Book Review: Bond To Baba
The author asserts that leaders need to “constantly rethink, reinvent, and reboot
A ston martins, pens that double up as guns, and shaken Martinis are probably what most people would associate with the fictional British secret service agent and spy James Bond. The Formula 1 racing throws up images of speeding cars and Lewis Hamilton, while Delhi Chief Minister Arvind Kejriwal reminds us of the anti-corruption slogans and well…a lot more! But author Ninad Karpe, in his book Bond to Baba: Successful Strategies has cleverly and successfully managed to look at all of them through a fresh lens, drawing valuable business lessons from each. In his book, Karpe has leveraged a wide range of genres like movies, sports, politics, history, and religion to highlight the importance of constant evaluation of business strategies amid rapidly changing times and trends and the need to constantly recalibrate strategy to remain relevant.
Sounds heavy? Rest easy. Unlike other business strategy-oriented books in the market, Karpe’s Bond to Baba does not take into account overwhelming strategic matrices, complex management models, or detailed business cases of companies such as Apple or Walmart. In fact, there is a refreshing absence of the massive piles of literature on strategy that one usually comes across when discussing such topics. (In his foreword, Forbes Marshall, Co-Chairman, Naushad Forbes, writes, “ Bond To Baba is a highly personal take on strategy that is simultaneously entertaining and insightful.)
For instance, from the very first page on James Bond to the last page on Baba Ramdev, Karpe’s book is a compelling account of strategic insights that can be extracted from 10 unconventional profiles. — James Bond; Kabaddi; Formula One; Hardik Patel; Alexander the Great; soccer; Baahubali; Alok Kejriwal, Baba Ramdev; and the surprise Marathi blockbuster, Sairat.
The author makes the content relevant for businesses by drawing analogies between these profiles and contemporary examples from the corporate world such as Maruti Suzuki, Coca-Cola, Pepsi, Apple, Tata, IBM, Google, and Tesco.
Karpe, a strategy consultant, has sprinkled the narrative with his personal experiences and perspectives, adding high credibility to his keen observations. Every chapter illustrates a new insight. It seems prudent to not spill the beans here on the discoveries from these unconventional profiles, or how they intertwine with corporate examples. However, it would be interesting to share a few nuggets of wisdom from the book.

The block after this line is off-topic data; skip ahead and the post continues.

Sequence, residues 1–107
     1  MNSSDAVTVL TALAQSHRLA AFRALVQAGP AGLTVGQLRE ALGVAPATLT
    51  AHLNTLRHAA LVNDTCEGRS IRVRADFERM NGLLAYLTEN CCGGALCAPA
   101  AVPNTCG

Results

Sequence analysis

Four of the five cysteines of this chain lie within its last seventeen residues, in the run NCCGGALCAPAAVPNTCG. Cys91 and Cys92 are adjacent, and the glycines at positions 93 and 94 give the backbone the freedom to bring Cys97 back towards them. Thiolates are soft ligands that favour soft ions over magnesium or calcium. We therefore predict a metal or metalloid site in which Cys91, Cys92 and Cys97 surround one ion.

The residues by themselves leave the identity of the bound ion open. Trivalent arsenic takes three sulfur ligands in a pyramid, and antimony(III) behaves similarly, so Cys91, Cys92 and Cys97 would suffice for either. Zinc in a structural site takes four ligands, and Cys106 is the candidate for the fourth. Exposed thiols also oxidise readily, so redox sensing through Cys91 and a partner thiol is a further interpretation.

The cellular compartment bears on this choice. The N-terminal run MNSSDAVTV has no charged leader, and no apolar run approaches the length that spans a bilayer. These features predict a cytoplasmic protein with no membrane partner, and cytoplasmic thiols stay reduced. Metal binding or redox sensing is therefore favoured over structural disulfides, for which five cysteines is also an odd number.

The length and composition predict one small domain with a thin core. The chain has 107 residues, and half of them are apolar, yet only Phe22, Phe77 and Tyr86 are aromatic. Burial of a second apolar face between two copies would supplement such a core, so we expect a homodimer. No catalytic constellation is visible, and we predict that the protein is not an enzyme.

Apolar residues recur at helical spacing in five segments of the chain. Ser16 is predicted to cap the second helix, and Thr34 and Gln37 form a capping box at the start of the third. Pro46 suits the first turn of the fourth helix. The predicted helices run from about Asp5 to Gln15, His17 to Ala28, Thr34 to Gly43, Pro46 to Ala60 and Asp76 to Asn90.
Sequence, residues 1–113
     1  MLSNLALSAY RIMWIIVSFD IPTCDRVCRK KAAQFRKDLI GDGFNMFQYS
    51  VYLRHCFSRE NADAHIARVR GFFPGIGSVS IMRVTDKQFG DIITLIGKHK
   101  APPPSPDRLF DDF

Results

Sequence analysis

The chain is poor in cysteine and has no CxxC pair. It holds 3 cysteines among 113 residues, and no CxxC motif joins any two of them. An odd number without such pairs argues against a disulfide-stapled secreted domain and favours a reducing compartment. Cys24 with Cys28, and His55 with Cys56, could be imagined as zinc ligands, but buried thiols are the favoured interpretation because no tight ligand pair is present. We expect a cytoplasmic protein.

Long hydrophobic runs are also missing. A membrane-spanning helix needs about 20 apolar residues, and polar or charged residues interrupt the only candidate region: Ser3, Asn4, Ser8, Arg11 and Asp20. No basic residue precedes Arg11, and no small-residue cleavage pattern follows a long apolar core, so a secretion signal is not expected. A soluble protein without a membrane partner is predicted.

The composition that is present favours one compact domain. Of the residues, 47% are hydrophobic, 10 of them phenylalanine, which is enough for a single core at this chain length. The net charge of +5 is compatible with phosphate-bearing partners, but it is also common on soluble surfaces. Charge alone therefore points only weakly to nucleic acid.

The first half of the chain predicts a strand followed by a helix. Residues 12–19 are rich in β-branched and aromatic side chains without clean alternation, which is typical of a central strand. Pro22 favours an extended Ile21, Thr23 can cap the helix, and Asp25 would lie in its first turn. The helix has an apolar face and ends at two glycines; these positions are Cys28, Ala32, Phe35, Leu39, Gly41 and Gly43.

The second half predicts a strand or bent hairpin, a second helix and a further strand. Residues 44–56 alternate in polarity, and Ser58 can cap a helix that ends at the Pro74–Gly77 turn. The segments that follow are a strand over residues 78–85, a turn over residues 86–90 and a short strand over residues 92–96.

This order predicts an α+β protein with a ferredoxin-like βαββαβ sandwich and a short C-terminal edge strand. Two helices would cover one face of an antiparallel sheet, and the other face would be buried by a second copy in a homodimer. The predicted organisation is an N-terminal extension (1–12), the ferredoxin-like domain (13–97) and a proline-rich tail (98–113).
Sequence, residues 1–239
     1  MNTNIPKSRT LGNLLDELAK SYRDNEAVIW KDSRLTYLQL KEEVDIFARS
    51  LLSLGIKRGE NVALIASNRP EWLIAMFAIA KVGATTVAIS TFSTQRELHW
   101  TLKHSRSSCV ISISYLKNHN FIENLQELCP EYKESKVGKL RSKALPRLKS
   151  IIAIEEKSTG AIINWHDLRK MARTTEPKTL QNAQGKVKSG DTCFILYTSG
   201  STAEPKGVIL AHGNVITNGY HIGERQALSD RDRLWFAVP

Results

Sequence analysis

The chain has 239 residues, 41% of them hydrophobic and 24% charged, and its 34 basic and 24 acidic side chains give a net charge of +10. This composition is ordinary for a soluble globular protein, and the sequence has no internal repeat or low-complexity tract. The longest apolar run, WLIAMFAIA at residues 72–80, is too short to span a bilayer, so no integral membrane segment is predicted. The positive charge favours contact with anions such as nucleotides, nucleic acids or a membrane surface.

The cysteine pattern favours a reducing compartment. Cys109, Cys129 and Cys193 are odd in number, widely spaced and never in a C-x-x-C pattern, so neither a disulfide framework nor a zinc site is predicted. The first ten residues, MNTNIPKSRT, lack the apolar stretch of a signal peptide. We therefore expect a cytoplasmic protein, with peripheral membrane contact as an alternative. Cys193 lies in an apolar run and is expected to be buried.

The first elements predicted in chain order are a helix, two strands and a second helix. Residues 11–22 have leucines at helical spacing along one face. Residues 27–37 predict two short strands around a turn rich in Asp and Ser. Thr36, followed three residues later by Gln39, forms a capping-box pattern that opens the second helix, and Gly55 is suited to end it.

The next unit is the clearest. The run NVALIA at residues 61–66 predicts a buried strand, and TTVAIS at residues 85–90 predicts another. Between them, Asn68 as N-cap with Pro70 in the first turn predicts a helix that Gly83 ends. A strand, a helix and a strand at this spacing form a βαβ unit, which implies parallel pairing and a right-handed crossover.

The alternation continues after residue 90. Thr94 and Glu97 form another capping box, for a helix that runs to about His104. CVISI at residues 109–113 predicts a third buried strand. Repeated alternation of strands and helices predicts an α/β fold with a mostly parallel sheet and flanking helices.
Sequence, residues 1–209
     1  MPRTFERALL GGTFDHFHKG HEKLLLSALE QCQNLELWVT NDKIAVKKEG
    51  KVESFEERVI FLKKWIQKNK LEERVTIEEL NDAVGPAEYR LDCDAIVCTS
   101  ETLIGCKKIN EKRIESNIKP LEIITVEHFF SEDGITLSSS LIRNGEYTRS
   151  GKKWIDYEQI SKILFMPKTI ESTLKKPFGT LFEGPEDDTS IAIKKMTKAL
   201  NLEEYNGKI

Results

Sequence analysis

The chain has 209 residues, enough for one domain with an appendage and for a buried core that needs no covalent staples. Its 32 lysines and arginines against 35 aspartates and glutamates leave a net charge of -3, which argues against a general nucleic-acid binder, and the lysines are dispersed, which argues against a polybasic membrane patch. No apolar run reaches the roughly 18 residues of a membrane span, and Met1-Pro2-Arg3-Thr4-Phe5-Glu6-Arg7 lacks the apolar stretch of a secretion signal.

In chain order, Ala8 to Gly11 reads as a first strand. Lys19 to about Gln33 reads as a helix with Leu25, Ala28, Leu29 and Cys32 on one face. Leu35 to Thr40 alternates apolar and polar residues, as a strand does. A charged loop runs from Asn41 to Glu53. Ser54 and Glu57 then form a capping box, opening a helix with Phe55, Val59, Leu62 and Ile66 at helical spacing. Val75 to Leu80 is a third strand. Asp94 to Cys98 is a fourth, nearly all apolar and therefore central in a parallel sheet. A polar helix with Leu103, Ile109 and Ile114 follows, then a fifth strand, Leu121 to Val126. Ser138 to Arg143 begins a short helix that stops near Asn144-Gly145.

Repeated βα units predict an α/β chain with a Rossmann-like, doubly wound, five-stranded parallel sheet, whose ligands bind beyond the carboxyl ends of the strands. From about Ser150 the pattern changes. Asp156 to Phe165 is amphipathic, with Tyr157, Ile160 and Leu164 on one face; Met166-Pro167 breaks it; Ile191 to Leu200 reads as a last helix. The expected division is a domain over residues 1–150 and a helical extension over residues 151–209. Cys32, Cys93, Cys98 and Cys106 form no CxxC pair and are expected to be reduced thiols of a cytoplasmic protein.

The author asserts that leaders need to “constantly rethink, reinvent, and reboot.” For instance, in Skyfall, in a surprise twist, the five-decade-old legendary Bond franchise, highlights the key role of emotional quotient, judgement, and intuition in business. Equally fascinating is how “pincer strategy,” a war tactic or a maneouvre used by Alexander to attack the enemy from both sides, has been applied worldwide to unsettle competitors.
Karpe makes some important observations through his illustrations. The response time for critical decisions in any business is coming down drastically. A sound decision that is delayed serves little purpose and, similarly, a bad decision taken in a hurry can be disastrous. He stresses that the leaders should constantly try to spot new trends, not be complacent and keep motivating people!
A Formula 1 enthusiast, Karpe is known to take his races very seriously. (Karpe’s intro on the book flap reads: “During the F1 season, Karpe switches off his mobile phone on race day to follow the fast-paced cars.”) It comes as no surprise that he explores the application of F1 racing technology and pit stop techniques to real-life situations such as data analytics, innovation, teamwork, and accurate timing in decision-making. As Karpe says, “Ultimately, a podium finish in an F1 race will not happen just because a team has a superior car and a superb driver. Strategy is the key to winning!”
Karpe makes a simple but profound point — what worked in the past may not work in the future. Therefore, one needs to relook at strategies periodically. It may be argued that crafting a strategy is not as easy as the author makes it out to be. But the author does not profess to offer the perfect roadmap for evolving and implementing strategies. He shuns complexity and delivers snippets of relevant examples through a novel approach. Many examples may be familiar; but count on some surprising revelations.
Young graduates and students must approach Baba to Bond not as a one-stop classic strategy book but as a toolkit that encourages them to pick on and take a deep dive into topics of interest.
As for professionals with decades of experience, the book serves as a reminder to revisit the tenets of an effective strategy. It reiterates many facets of management that are sometimes forgotten amid routine activities. It is like a mirror — pause often, reflect, and “make-over” when the need arises.
Disclaimer: The views expressed in the article above are those of the authors' and do not necessarily represent or reflect the views of this publishing house. Unless otherwise noted, the author is writing in his/her personal capacity. They are not intended and should not be thought to represent official ideas, attitudes, or policies of any agency or institution.
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